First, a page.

On January 11, 2012, an article was published in the NY Times Health blog section titled, “Exercise hormone may fight obesity and diabetes.” The article reports on a recently published study in the journal Nature, the abstract of which can be found here.
The authors present research linking a hormone secreted during exercise to the conversion of white fat (white adipose tissue, WAT) to brown fat (brown adipose tissue, BAT). This is interesting from a scientific perspective because human adults have very little BAT. By comparison, newborns have modest amounts of BAT — about 5% of body mass, which can protect them from hypothermia, as you’ll see below. These two types of fat derive their names from how they look under a microscope. WAT cells look like what you’d think a “fat cell” would look like — a single droplet of fat in a cell and not much else. By contrast, BAT cells look darker. Upon further inspection, it seems their darker color results from the presence of mitochondria, the so-called engine of the cell, and other cellular components. Without getting into a lot of detail, a number of investigators believe that BAT is actually closer, embryologically, to muscle than it is to WAT.
Whenever I give talks to swimmers, in particular, I get asked about BAT because the advantage of BAT (over WAT) is that one of its jobs appears to be thermogenesis (heat production). This is of paramount importance for a hibernating animal and could come in handy in a newborn baby. It’s also highly desirable, say, for someone trying to swim across the frigid English Channel while staying reasonably warm. As a result of this thermogenic property of BAT, it’s possible that the more you have the more energy you’d expend. Hence the reason this paper is so interesting and the reason the NY Times is writing about it.
There are two main points I want to make about this article. I’m not at all “picking on” either the NY Times article or the scientists who did the research. I think this research is fascinating and well conducted. But, I do want to give you a few things to think about while you get constantly bombarded by articles like this, which appear to be coming at us at an ever increasing frequency. I think I get about 4 or 5 such articles every week, though there is probably a selection bias somewhere in there, given my interests.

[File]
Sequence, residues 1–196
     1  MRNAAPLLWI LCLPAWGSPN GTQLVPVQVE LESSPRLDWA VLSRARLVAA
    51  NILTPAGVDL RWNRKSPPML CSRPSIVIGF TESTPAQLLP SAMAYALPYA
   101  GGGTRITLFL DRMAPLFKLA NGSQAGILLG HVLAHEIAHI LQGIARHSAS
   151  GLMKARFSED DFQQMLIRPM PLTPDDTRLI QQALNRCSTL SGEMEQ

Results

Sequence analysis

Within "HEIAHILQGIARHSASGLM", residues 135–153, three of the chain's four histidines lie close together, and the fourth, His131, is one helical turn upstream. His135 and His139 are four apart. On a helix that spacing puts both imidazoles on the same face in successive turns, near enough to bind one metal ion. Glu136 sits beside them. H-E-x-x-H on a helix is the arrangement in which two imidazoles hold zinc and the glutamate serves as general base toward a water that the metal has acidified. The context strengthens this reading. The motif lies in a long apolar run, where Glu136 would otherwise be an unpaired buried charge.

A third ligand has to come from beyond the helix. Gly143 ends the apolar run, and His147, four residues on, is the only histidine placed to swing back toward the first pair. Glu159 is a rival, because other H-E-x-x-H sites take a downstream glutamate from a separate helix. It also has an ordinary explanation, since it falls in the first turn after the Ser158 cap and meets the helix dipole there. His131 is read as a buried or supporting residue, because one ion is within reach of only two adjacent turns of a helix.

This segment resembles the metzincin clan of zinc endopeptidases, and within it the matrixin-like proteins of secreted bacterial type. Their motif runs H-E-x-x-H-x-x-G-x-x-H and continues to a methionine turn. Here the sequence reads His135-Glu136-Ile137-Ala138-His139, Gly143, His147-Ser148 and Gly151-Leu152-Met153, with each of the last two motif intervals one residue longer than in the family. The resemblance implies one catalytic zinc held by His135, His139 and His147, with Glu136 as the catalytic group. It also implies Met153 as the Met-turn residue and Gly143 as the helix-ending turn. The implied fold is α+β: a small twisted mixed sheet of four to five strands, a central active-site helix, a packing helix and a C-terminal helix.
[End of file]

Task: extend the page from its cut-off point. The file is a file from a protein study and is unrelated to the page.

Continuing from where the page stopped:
My first point has to do with the concept of relative importance. To have this discussion I think it’s important to understand the difference between a “first-order term” and, say, a “tenth-order term.” Anyone who spends enough time with me (e.g., my poor wife) will attest that I always speak about this distinction. Let me illustrate with an example. If someone is on a sinking ship in the middle of the ocean, the first-order term (or requirement) is finding a lifeboat with oars. The second-order term is securing an adequate supply of fresh drinking water. The third-order term is having sufficient food to eat. The fourth-order term might be finding a map of nearby islands. And so on. The tenth-order term, by extension, is having a high quality pair of polarized sunglasses. I am not suggesting that being on the ocean for days without good sunglasses would be pleasant — it would be miserable — but it’s nowhere near as important as having a boat, water, and food.
It’s become very popular to discuss what I refer to as “tenth-order terms” while ignoring “first-order terms” whenever we talk about obesity research. I believe this is because the research community (and the journalists who cover it) want to believe that the answer to this overwhelming problem is so complex, which explains nicely why it hasn’t been cracked yet. How else can the solution be eluding the medical establishment? We tend to fixate on peptide YY, ghrelin, leptin, and now irisin. I am not saying these hormones don’t matter, but when we focus on them — at the exclusion of the obvious hormone (insulin) that actually regulates fat accumulation — it’s a real tragedy for the 200 million Americans who are overweight. Remember, obesity is not a disorder of over-eating or under-moving. It’s a disorder of fat accumulation. These are not the same thing at all.
People are frustrated with how difficult it is to lose weight, and rightfully so. I know I was. Even this article acknowledges the disconnect between doing what we’re told and reality — “Why, for instance, if exercise increases levels of irisin and irisin increases the body’s stores of energy-burning brown fat, does exercise so rarely produce significant weight loss?”